Six hour drive. Crazy roads. Hangover. Cure to all three when combined…valium. This is how we entered Luang Prabang, relaxed. It is a highly respected place where public displays of affection are disrespectful, where monks roam the streets and where you must take off your shoes before entering any building.
First off we went to Kuang Si Waterfall, a casual 45 minute drive from the city. It is gorgeous. At the entrance of the waterfall there is a black bear enclosure, it isn’t cruel and these animals aren’t complaining. They were rescued from a life of chains and shows and they now roam the bush lazily.
We kept walking and found a pool of water, monks were half naked and smoking cigarettes. This must be where the monks let loose! We walked further up and found another swimming hole with a mini waterfall with low drooping trees and a rope swing. The jungle is so dense and the ambience of the place is light but intimidating. After being in a few different jungles on this trip I can now say that each one is somehow amazingly different but the same. This jungle is moist, with crazy fish that eat away at your wounds. My scraps from tubing were getting cleaned by a fish I could not see.
After dominating the rope swing we went toward the massive flow of water, about 5 minutes high in the forest. We saw horned spiders, tuataras and crazy big beautiful butterflies. The main waterfall was huge, spewing out water over a tall rocky cliff. LAAAAAAAAAAAAAARGEEEEEEEEE!!
We weren’t quite sure what to do with ourselves in Luang Prabang. We had heard of all these amazing things you can see and do but all we really wanted was water. Being inland for so long is a strange feeling. We went to the waterfall two days in a row, hiring scooters on the second day to find our own way there.
The night markets here were awesome. Every night the streets would be closed off and fairy lights would guide you through the stalls. There was one street dedicated to amazing lao food, we consumed it faster than a vaccum cleaner.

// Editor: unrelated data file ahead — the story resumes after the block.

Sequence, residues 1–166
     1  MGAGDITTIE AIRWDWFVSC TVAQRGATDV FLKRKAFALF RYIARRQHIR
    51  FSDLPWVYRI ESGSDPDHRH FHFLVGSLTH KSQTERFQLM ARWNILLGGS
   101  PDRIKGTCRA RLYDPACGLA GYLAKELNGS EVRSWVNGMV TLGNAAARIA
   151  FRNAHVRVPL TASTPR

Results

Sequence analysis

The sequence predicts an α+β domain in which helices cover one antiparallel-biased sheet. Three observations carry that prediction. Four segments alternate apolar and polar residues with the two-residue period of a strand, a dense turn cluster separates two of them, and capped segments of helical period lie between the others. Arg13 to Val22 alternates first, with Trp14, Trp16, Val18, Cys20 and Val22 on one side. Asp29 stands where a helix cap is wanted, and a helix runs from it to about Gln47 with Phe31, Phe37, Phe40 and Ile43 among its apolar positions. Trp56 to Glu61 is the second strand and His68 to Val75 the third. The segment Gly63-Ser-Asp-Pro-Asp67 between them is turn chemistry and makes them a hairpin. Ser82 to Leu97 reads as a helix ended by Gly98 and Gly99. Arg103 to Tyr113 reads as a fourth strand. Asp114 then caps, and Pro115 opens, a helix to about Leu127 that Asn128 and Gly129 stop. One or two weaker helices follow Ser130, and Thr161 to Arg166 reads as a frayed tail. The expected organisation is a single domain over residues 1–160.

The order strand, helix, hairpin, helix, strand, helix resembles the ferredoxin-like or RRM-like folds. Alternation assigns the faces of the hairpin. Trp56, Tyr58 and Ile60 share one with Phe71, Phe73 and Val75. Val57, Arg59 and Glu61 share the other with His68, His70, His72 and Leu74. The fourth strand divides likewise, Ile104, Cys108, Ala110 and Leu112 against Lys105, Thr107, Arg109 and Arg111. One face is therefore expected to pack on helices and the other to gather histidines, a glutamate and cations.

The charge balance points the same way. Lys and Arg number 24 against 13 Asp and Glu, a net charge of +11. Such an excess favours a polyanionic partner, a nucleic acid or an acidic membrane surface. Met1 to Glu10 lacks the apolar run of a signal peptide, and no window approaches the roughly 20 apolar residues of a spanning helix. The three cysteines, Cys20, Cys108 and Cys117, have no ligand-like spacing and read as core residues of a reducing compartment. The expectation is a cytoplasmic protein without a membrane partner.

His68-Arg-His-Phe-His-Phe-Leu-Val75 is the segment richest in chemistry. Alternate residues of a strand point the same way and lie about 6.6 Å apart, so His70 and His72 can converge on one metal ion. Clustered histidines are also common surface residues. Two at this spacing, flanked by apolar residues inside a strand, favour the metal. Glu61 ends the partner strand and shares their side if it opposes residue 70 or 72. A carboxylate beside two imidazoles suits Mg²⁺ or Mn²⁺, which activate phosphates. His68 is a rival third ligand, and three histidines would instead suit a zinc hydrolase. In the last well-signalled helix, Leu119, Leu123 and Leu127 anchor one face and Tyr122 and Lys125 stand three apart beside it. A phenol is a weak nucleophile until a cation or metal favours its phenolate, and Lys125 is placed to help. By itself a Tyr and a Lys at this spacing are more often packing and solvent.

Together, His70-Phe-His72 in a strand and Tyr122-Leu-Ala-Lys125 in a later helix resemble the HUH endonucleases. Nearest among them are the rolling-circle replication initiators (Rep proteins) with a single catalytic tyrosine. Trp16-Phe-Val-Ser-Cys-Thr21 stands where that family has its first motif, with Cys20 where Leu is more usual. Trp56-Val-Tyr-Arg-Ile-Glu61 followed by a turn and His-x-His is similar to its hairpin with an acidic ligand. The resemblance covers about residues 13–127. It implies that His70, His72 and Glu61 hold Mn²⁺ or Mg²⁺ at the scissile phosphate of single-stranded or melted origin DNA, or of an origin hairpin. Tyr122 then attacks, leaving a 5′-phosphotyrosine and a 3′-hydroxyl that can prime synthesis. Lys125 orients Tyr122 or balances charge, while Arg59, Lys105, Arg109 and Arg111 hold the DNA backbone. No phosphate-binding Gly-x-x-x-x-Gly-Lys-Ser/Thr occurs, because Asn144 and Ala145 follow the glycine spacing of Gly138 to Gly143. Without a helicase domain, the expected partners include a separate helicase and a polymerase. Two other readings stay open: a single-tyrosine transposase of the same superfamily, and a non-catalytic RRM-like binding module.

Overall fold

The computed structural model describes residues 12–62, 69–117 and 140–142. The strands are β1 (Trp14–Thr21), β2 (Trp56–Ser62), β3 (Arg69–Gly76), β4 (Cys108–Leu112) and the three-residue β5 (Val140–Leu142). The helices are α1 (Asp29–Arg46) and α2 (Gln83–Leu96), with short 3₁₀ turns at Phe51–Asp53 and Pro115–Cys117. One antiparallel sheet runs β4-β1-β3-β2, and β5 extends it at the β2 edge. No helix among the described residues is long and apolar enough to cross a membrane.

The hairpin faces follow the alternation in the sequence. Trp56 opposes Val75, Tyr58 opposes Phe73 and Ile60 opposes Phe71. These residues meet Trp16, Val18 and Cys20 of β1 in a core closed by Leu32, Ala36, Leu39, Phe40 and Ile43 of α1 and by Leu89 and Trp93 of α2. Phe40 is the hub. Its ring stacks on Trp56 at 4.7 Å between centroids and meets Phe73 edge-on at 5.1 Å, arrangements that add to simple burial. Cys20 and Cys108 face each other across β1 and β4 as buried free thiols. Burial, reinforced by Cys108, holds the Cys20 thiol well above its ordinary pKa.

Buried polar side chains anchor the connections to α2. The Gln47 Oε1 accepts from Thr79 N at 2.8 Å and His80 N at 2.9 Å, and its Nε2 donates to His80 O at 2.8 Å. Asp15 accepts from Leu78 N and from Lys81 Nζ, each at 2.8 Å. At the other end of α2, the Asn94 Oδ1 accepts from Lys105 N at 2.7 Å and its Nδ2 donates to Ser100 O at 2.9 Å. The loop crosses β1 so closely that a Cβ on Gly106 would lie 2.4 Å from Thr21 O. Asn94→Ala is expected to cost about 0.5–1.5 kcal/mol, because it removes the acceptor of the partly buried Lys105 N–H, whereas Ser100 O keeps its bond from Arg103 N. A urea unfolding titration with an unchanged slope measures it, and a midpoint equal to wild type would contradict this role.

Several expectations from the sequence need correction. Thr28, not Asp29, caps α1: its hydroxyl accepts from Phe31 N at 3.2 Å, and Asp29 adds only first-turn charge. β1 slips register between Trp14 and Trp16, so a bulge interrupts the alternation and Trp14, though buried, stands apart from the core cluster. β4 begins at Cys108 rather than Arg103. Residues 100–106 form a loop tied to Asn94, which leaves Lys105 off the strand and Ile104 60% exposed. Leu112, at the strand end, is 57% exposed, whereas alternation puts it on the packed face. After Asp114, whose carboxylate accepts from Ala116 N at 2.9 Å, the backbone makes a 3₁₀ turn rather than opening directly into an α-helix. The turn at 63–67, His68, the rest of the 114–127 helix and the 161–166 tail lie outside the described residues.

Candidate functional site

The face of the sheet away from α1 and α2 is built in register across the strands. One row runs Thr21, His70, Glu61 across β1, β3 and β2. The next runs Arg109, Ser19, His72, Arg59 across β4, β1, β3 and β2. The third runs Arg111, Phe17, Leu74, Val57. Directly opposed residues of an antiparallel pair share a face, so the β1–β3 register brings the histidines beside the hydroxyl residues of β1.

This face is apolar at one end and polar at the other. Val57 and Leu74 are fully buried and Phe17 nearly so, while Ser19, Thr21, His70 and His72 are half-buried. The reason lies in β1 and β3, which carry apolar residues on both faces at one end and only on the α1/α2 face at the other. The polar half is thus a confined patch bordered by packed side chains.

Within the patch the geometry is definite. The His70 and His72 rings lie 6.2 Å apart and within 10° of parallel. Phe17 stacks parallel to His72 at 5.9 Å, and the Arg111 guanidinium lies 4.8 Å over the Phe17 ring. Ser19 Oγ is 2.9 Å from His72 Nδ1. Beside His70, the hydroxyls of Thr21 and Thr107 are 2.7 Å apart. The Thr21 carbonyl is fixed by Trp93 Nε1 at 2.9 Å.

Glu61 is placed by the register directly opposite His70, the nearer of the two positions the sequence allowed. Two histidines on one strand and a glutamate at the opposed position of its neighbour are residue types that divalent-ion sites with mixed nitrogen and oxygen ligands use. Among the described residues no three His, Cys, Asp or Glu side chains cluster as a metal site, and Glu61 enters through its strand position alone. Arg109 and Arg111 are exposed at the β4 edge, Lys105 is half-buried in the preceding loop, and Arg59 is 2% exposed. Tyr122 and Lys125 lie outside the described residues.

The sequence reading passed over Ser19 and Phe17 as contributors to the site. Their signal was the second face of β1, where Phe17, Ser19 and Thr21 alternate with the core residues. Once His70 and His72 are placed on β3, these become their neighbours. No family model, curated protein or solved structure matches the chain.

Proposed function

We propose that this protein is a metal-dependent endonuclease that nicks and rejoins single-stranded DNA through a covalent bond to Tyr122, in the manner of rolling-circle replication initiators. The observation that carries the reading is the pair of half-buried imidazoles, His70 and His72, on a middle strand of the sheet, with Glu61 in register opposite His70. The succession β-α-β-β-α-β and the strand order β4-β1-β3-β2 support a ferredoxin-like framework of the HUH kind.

On our last day we ventured to the Pak Ou caves.These caves are an hours drive from the city and are 4000 years old. We hired a tuk tuk to take us there instead of going through a tour agency. It was sweeet, our driver loved flying down the road and hated being over taken. The caves are on the other side of the river from the road. The village that had the boats was dirty and small. Chickens roamed the lands like dogs, children chased each other on the dirt roads, men set up stalls selling crazy iinstruments that they had hand made and women sold beautiful colourful scarfs and jewerelly. We jumped on a local long tail boat and set sail across the Mekong River.
The caves are sacred, highly respected and quiet. There are thousands of buddhas everywhere, dusty, antique and in a way quite creepy. We bought flowers to place on the Buddha shrine and lit incence that surrounded the cave in a smell of beauty. Delicious to the nose.
We checked it out, dove into a dark cave where a shrine hid in the black hole. No lights, just darkness and a airy feeling as the shrine lit up with the flash of the camera, appearing out of nowhere like a predator down a gloomy alley.
After we took the boat back to the village we stopped at the whisky village for a sample of lethal local spirits. The first one was soothing, the second was like trying to swallow petrol, my body tingled as I passed down my oesophagus.
The next day was goodbye to laos and hello Thailand. We were told that the bus took us to the Thai-Lao boarder in eight hours. It took 16 and a half. The bus leaked and the driver spoke no English, it is safe to say we were completely f***ed.
The boarder crossing was simple, you get your passport stamped jump in a boat to the other side about 5 seconds away and now your in Thailand. How is this not a drug traffickers dream boarder?
Peace out Lao, ahoy Thailand.
Thank you- Kwahp Jai
The most chilled out country I have ever been in. The people are amazing and it is very undeveloped.
PDA (public displaces of affection) are frowned apon, very disrespectful!
It is also frowned apon for guests at guesthouses to sleep in the same bed if they are not married.
You must take your shoes off at every restaurant, the tables are surrounded by lying down platforms.